Dakota Access to Justice and Pipeline Politics: Tribal Consultation, Environmental Justice and Rules of Engagement
Burleson, Elizabeth , Dakota Access to Justice and Pipeline Politics: Tribal Consultation, Environmental Justice and Rules of Engagement ENVIRONMENTAL LAW TREATISE 2ND ED. (William Rodgers and Elizabeth Burleson ed. Thomson Reuters / West 2016-18)
118 Pages Posted: 20 Apr 2017
Date Written: March 15, 2017
The Dakota Access pipeline would transport 470,000 barrels a day to the Midwest and Gulf Coast—representing half of current Bakken crude production. The Standing Rock Tribe has pointed out that abandoning the full environmental impact statement review amounts “to a wholly unexplained and arbitrary change based on the president’s personal views.” President Donald J. Trump owned as much as $1 million in Energy Transfer Partners that he has sold since 2015 while former Texas Governor Rick Perry, Mr. Trump’s choice for Department of Energy Secretary, served on the board of Energy Transfer Partners. By Dec. 4, 2016, 10,000 protestors, including Veterans, had gathered and the US Federal government halted DAPL construction. Yet, by February 2017 construction was once again underway.
Not all legal systems are just. John Rawls developed the veil of ignorance as a philosophical tool with which to assess the fairness of social decisions. The general sense that one may be benefited or negatively impacted by a social contract should lead decision-makers to be impartial. Public participation in environmental decision-making can lead to just outcomes for the same reasons. Decisions are more likely to be fair and based upon a deep consideration of the implications.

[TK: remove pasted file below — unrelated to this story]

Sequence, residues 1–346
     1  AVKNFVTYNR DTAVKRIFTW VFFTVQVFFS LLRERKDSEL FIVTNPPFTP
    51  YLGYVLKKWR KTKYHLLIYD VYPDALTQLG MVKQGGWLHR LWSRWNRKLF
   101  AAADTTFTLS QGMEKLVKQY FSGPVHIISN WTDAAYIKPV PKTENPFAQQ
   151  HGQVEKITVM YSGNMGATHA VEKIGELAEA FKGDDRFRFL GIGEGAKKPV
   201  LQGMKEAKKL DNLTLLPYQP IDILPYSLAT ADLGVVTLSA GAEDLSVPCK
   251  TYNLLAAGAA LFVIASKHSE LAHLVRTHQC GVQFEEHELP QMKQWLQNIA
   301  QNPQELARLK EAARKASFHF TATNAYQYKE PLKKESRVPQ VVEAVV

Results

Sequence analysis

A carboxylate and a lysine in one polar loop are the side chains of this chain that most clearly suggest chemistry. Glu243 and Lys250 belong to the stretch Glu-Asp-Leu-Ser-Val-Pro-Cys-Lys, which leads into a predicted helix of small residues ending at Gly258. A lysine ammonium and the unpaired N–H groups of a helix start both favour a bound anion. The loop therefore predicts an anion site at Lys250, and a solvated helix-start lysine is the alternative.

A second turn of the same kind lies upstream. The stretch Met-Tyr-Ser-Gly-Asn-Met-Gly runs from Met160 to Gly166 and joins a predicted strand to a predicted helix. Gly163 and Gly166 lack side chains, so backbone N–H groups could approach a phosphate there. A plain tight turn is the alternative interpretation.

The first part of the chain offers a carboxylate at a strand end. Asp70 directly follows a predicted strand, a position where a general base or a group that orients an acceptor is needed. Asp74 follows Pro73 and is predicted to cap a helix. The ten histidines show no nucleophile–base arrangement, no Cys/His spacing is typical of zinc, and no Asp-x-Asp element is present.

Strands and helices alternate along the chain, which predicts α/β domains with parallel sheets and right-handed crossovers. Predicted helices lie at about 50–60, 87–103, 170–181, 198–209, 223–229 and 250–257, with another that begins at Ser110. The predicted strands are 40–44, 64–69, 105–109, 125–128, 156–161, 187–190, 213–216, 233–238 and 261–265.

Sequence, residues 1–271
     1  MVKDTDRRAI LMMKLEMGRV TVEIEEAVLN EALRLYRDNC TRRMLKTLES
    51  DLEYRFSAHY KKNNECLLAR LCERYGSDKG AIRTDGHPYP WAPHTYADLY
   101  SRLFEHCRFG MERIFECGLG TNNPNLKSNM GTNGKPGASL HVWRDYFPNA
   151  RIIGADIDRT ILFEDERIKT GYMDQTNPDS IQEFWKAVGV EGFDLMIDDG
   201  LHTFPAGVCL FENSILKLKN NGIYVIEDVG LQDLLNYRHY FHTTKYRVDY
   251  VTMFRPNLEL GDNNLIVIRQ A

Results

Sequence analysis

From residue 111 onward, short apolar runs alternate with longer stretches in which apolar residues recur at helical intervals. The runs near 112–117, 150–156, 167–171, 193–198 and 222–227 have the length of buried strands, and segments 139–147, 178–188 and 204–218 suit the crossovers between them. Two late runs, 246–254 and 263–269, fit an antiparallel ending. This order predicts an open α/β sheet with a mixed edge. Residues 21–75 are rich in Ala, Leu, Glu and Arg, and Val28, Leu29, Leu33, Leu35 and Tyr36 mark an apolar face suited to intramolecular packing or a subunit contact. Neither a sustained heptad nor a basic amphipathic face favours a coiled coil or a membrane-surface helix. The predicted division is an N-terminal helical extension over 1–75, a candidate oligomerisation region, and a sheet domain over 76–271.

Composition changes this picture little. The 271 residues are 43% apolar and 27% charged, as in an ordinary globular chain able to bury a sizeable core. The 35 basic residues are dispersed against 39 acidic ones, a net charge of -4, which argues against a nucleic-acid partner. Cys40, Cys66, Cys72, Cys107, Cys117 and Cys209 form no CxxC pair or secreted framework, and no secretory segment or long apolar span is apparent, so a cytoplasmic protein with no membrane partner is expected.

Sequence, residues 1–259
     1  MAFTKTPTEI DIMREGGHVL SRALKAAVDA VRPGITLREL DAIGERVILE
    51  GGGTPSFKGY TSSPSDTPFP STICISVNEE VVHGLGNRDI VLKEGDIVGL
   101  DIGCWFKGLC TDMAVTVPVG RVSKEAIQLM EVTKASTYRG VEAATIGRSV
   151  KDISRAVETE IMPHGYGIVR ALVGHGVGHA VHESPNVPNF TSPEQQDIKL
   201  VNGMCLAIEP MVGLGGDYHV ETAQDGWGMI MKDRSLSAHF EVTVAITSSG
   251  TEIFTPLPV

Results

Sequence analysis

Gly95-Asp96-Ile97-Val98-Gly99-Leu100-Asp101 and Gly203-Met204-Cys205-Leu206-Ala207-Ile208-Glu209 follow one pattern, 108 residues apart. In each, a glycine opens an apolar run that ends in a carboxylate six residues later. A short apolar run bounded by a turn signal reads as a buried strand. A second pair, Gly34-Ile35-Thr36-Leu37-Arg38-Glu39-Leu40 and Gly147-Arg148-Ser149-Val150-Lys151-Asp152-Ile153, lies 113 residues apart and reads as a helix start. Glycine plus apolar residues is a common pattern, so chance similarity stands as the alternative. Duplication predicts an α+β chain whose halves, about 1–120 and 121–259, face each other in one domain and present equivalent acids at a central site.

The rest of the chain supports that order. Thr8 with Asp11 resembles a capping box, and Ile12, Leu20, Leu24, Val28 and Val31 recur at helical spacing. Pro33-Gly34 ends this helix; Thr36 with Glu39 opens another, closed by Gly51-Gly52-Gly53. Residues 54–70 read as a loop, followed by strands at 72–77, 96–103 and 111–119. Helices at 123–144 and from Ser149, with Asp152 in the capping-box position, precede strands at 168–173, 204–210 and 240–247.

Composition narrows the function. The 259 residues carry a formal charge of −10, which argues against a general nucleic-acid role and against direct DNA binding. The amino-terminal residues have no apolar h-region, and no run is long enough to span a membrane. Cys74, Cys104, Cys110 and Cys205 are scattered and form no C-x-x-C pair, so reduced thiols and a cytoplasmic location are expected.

In contrast to a pipeline path routed a half-mile north of the Standing Rock Sioux Reservation, an earlier proposed Dakota Access Pipeline route would have crossed the Missouri River roughly 10 miles north of Bismarck, but was rejected as a threat to Bismarck’s water supply. Rev. Jesse Jackson called the reroute “the ripest case of environmental racism I've seen in a long time.”
Calling for a fair, accurate and lawful environmental impact statement to identify true risks to treaty rights, including water supply and sacred sites, Tribes promptly exercised their rights of access to justice by bringing several legal claims ranging from human rights to substantive and procedural environmental due process violations.
The Standing Rock Sioux Tribe, the Cheyenne River Sioux Tribe and the Yankton Sioux Tribe (the “Tribes”) have requested the Inter-American Commission on Human Rights to call on the United States to adopt precautionary measures to prevent harm to the Tribes, their members, and others resulting from the ongoing and imminent construction of the Dakota Access Pipeline (DAPL). They also request that the Commission call upon the United States to protect these people and peoples from the harassment and violence while gathered in prayer and protest of DAPL. The Tribes argue that the U.S. Army Corps of Engineers (the Corps) failed adequately to assess DAPL potential environmental impacts. The Corps disregarded the Tribes’ consistent objections to construction of the pipeline. The Tribes have asked the Inter-American Commission on Human Rights to call on the United States to protect the rights of the Tribes.
Keywords: Dakota Access Pipeline, NEPA, Environmental Impact Assessment (EIA), Public Participation, Environmental Justice & Tribal Trust, Water Law, Inter-American Commission, Federal Indian Law Treaties, Human Rights, Energy Security, Indigenous, Indian, International Law, Watershed protection and Land Use
JEL Classification: A1,C8,D1,D4,D6,D7,D8,D9,E2,E6,F,F4,H1,H2,H4,H5,H7,H8,I1,I18,I19,I2,I3,J1,K1,K2,K3,K4,L1,N40,N5,N7,O1
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